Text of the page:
By Phil Hecken
Back when I put out the “call” for readers to pitch stories for Paul’s month-long sabbatical, I got some excellent ones (and a few that won’t make the cut). One of the more intriguing pitches came from today’s submitter, Anthony Emerson, who wrote to me with this…
Considering the higher-than-usual interest in soccer post-World Cup, I couldn’t think of a better time to write on a uni topic peculiar to American sports: jersey sponsorships.
For better or worse, jersey sponsorships are now a part of most soccer teams identities. It’s hard imagining an Arsenal kit without “Fly Emirates” on the front. Sometimes, however, clubs sacrifice aesthetic pleasantness for an easy buck with their jersey sponsorships (Manchester United, I’m looking at you.)
Intrigued, I gave Anthony the thumbs up to write on this. I think you’ll enjoy. Here’s Anthony:
By Anthony Emerson
Bring up uniform sponsorships in respect to the “Big Four” North American leagues, and you get almost unanimous arguments against it, usually talking about the “tradition” of American sports leagues, how it would subtract from the aesthetics of American sports uniforms. I don’t always agree with that line of thinking; I feel that some sponsors can actually add something to a jersey. Still, however, there is no doubt for every good sponsor, there are a couple of bad ones.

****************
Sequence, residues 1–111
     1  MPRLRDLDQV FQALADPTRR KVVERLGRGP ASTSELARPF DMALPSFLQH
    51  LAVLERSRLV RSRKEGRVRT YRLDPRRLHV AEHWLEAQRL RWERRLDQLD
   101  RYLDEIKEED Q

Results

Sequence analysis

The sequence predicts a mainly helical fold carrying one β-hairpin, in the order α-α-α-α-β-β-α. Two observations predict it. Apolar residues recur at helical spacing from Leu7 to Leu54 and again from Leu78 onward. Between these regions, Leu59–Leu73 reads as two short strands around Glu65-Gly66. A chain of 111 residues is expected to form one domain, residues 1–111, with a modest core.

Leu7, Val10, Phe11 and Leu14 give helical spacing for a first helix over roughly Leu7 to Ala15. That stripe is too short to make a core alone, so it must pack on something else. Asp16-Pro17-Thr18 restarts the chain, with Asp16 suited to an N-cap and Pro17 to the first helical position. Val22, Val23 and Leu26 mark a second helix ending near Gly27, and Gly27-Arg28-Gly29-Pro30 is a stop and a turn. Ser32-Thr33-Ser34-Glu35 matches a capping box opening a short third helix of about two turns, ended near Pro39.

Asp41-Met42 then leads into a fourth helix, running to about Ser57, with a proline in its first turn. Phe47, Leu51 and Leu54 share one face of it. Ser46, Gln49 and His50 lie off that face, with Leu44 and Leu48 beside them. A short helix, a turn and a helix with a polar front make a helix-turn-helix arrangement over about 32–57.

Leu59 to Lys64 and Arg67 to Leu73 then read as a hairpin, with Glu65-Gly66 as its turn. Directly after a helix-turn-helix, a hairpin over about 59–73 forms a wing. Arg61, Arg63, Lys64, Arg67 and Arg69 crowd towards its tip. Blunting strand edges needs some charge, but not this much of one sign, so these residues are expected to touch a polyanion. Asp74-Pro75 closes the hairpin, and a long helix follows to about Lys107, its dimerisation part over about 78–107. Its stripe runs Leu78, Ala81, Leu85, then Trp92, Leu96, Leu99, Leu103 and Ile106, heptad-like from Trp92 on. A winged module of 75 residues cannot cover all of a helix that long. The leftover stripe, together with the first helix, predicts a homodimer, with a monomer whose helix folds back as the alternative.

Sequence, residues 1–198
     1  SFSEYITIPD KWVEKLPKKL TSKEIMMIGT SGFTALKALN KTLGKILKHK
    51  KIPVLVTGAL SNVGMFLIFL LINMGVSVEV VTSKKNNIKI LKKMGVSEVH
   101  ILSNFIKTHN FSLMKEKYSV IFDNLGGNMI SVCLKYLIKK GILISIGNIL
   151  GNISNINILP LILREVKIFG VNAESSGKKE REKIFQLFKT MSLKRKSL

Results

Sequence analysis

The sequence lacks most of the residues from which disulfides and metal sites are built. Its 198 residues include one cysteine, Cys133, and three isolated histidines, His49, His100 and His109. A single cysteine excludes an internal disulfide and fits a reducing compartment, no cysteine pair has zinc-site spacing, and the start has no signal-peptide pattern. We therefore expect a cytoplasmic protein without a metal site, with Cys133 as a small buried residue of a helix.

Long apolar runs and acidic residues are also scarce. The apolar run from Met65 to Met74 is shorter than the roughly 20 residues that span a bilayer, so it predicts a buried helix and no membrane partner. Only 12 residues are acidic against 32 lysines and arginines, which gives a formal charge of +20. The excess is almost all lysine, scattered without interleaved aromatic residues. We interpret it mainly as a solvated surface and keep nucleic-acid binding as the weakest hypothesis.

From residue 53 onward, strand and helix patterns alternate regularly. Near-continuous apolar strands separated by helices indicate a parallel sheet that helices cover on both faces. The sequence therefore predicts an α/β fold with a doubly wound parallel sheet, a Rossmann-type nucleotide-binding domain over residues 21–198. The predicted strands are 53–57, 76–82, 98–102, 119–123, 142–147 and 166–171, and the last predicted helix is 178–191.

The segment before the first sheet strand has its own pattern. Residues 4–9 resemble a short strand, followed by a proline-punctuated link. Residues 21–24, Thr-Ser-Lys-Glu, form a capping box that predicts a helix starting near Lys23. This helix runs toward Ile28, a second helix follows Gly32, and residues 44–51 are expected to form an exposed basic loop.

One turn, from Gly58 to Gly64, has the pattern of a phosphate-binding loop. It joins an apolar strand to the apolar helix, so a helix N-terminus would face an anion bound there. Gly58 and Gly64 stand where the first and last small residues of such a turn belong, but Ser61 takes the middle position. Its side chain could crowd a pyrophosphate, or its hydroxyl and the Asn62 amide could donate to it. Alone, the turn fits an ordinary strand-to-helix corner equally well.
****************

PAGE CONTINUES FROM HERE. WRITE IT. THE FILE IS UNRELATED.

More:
A sponsor could be bad for a lot of reasons not often touched upon during the American sports debate; a sponsor logo could look ugly on a jersey, it could be a shitty company, it could be a hilarious sexual innuendo.